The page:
Inhalants can be those inexpensive options. Short-term effects of using inhalants are giggling, silliness, dizziness, headaches, and even fainting or unconsciousness.
Long-term use of inhalants can cause emotional instability, memory loss, slurred speech, impairment of reasoning, hearing loss, eye flutter, tremors, and escalating stages of brain atrophy. Sometimes brain damage is reversible by cleansing, detoxification, and nutritional therapy. Sometimes, however, brain damage is only partially reversible or entirely irreversible.
Signs and Symptoms of Methamphetamine Use
Methamphetamine addiction is a worldwide epidemic. In fact, there are over 24 million users of this drug, also known as “crystal meth.” The abuse tripled from 1996 to 2006, in just 10 years.
Often, addicts of methamphetamine stay awake for days and even weeks at a time. Some of the side effects of using this drug are as follows:
- Extreme weight loss
- Total loss of appetite
- Dilated pupils
- Paranoia and anxiety
- Deluded sense of power
- Unusual sweating and shaking
- Aggression and violence
- Mood changes
- Blurred vision and glassy eyes
- Mental confusion
If you’re looking for signs that a loved one might be using meth, you can look for small bags of white powder or crystals. You may also come across syringes small pieces of crumble aluminum foil, and or soda cans with holes.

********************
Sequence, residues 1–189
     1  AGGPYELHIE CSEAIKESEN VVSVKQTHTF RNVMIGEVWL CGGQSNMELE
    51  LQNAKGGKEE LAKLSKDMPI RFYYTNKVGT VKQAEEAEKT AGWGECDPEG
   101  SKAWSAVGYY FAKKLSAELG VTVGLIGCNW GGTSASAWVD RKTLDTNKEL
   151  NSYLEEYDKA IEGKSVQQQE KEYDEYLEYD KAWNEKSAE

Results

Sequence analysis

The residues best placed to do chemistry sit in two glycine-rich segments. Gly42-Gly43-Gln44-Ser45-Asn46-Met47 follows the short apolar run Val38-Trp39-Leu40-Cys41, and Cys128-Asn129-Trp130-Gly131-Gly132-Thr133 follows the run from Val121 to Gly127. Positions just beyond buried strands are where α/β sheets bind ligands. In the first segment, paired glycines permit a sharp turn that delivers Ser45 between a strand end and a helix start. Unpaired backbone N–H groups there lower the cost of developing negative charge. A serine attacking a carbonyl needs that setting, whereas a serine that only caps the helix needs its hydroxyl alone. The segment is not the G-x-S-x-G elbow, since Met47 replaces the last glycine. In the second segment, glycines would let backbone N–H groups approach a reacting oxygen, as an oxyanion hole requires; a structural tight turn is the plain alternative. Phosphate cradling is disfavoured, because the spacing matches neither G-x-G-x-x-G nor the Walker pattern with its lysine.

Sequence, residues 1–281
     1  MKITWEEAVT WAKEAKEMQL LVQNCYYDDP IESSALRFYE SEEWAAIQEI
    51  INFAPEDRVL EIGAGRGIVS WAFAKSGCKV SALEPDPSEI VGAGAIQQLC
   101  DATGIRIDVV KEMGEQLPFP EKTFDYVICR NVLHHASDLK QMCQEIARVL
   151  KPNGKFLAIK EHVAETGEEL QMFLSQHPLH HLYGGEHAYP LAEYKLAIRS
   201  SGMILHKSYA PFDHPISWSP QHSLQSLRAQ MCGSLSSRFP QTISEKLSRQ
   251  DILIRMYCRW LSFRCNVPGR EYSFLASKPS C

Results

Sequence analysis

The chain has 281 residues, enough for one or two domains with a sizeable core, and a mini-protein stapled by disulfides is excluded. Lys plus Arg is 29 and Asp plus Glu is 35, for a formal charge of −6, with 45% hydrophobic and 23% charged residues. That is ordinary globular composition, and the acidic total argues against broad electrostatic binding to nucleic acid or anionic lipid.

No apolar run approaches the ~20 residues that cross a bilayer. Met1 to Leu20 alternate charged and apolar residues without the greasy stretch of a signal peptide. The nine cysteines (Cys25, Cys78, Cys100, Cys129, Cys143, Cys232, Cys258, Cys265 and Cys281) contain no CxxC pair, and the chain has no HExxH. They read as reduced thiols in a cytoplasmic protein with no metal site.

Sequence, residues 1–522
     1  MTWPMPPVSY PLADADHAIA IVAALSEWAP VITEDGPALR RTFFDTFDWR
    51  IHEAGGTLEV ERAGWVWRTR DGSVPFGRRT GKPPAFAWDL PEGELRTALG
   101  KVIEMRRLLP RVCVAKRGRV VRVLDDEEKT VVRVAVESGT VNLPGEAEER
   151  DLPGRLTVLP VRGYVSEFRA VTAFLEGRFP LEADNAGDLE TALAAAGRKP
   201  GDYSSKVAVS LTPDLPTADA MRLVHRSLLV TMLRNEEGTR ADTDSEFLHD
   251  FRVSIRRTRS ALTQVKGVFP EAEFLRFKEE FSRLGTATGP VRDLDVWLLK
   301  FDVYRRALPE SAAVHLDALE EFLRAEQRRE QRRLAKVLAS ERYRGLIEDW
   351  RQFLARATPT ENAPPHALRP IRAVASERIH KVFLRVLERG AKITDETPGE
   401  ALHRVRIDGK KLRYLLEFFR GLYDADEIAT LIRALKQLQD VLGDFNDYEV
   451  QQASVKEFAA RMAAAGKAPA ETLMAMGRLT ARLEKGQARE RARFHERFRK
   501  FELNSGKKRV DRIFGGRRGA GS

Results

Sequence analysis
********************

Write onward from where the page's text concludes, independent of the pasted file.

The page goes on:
Meth is produced using extremely harsh chemicals. Thus, it can do a lot of damage to the body. If you or a loved one has a meth addiction, it is imperative that you seek help right away.
Addiction Is a Disease, Not a Choice
Many people think that someone who is using drugs can choose to stop right away. But that is simply not the case. It’s important for a user to understand that it’s not their fault that they’re addicted and that the only way to make a change is to seek help.
If you’re scared at all about what that entails for yourself or a loved one, read our article about everything you can expect from when you decide to get help. We’ll break down the entire process from checking in to joining a supportive community to the many lasting benefits you’ll receive from seeking help.
How to Tell If Someone Is on Drugs
If you have a loved one with an addiction and you’ve taken on the great responsibility of watching out for that person, it’s essential that you know what to look for. The best thing you can do for yourself and your loved one is to know how to tell if someone is on drugs.
Once you decide to get that loved one help or get help for yourself, you will soon discover that you are not alone. You will become a part of a huge community of supporters that may end up guiding you and supporting you throughout your life along your journey of fighting that addiction. Would you like to ask a few questions or to find out how much of treatment your insurance may cover? Give us a call today so that we can start getting you or your loved one the help you need to fight your addiction disease.